It's a lateral freeze down during the melt up.  Soon to be followed by the transverse falling bounce and the transient index inversion short, both of which are also strong sell signals in this buyer's market.

Playing with Fire UK

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Re: Should I postpone FIRE and focus on finding a career that makes me happy?
« Reply #18 on: October 23, 2017, 12:01:33 AM »
Great update! Good luck with the application.

If you have the money to cover the weeks when the case load is lighter, this is a great option. Is the work seasonal/predictable at all? Could you have an arrangement where you work with guaranteed hours in peak times and then do something else when it is quiet? Some time closer to home to think it over could be a good thing for you.

lhamo

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Re: Should I postpone FIRE and focus on finding a career that makes me happy?
« Reply #19 on: October 25, 2017, 10:35:24 AM »
This sounds like a good short-term strategy.

Longer term, I would do some more research into states where they are doing more to incentivize effective use of healthcare spending.   This should become more prevalent as healthcare reform becomes more and more necessary.   Hopefully there is at least one company that is looking at increasing the effectiveness of their treatment in this area -- you want to be working for that one, and help them move from a 10% effectiveness rate to 30, 40, 50% or higher.   This might actually mean moving toward working with research hospitals or non-profit healthcare providers that aren't necessarily just in it for the bottom line profit margin (though successfully getting research dollars to study this aspect of things is another type of profit chasing).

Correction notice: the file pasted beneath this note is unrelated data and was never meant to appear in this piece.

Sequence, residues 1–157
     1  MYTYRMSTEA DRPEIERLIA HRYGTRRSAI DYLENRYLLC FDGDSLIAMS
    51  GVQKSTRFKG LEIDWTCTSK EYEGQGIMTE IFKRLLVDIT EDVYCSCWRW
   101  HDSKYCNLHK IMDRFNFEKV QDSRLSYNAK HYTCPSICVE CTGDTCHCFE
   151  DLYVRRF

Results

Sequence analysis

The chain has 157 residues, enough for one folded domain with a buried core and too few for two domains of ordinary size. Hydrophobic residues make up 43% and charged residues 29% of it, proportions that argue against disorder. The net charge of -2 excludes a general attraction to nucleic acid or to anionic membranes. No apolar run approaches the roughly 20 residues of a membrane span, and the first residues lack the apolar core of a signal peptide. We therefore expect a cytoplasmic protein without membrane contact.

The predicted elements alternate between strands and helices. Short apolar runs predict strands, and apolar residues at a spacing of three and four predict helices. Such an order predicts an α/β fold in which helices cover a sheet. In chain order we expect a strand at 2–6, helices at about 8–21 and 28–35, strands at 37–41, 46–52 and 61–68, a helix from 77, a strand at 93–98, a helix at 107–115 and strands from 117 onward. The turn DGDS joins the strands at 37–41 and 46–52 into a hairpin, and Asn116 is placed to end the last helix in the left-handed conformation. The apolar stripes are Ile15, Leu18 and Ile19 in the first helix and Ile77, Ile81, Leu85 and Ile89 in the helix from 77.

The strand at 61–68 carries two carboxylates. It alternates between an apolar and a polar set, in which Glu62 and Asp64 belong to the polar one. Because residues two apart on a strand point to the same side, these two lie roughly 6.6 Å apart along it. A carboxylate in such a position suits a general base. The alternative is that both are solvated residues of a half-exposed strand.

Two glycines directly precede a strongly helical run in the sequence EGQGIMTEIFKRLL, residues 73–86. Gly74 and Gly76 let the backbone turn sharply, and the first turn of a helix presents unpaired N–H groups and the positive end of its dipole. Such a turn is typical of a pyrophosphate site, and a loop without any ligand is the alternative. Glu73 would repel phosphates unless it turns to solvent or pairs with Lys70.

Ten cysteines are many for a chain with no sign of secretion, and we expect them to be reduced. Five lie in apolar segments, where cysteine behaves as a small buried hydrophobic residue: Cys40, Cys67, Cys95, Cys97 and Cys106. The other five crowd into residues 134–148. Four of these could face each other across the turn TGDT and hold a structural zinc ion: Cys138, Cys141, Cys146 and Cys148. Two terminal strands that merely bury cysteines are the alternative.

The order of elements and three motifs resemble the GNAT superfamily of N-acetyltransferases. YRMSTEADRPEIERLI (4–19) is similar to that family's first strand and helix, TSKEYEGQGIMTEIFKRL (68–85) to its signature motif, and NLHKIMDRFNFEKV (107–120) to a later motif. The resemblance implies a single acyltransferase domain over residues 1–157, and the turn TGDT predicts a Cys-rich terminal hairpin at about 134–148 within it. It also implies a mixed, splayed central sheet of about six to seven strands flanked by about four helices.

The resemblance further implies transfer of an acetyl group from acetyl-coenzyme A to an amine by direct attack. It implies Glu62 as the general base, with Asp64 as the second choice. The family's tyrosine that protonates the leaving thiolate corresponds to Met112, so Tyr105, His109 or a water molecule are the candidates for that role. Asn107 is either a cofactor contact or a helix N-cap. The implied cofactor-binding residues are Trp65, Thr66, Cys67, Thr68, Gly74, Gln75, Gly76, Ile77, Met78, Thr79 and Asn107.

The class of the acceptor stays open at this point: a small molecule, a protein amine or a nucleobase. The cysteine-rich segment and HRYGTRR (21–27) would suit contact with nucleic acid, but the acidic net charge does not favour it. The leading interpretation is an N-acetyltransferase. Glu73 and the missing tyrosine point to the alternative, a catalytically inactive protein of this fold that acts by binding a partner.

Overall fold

TL/DR:  Don't give up just yet.  Do more research to narrow down the scope of companies you are willing to work for, based on alignment of overall goals.  And then change healthcare delivery. :)
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Finances_With_Purpose

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Re: Should I postpone FIRE and focus on finding a career that makes me happy?
« Reply #20 on: December 29, 2017, 01:01:45 AM »
You have asked a life direction question more than a finances question.  You're doing fine with managing your own money, so I will address the career/fulfillment question.

First, you are experiencing something extremely common, especially early in your work life.  See the recent thread and post here about a similar experience. 

I'll recommend a few things here, similar to that other thread:
1.  See this book.  (Warning: link/referral.)  I love it and highly recommend it to everyone considering any career change/direction change.  It's basically a life coach in a book - and it's well worth the insights if you do the exercises.  That alone should give you significant direction.

2.  Try aptitude testing.  I've done it through Johnson O'Connor Foundation and recommend that - costs some ($700+) but is invaluable for making life decisions re: jobs with confidence (so, to me, it's high value).  They're going to give you many ideas, then tell you to go explore those ideas - which usually leads to concrete results. 

Personally, I believe life is too short to stick it out forever in something you hate.  It's a sign when you're daydreaming about menial jobs.  I've been there. 

With that said, work is difficult - even the best jobs are.  And jobs can go through seasons.  But you're gaining experience that will hopefully allow you to know yourself well enough to know the difference: when work is merely frustrating versus when it is unsustainable. 

I'm guessing here, but you may need a job with a purpose - a job that actually accomplishes good in the world and does something effective.  I notice you complained about not actually helping people.  There's an aptitude - a personality wiring - that drives some of us to need jobs where we're able to be more effective.  If that's you, then this search may be more challenging but will be much more necessary. 

Besides, what's another year (or two, or four) of delayed retirement when you're doing things you love with people you like while helping those around you?  It would be an easy wait for me.  (Confession: I took a longer but more fulfilling route myself - and I haven't looked back.)

It sounds like you have options, and, even if you feel stuck, I recommend the life direction/coaching book and especially the exercises - it helped me tremendously and may help you figure out your way as well.  It'll at least give you some new ideas to play with.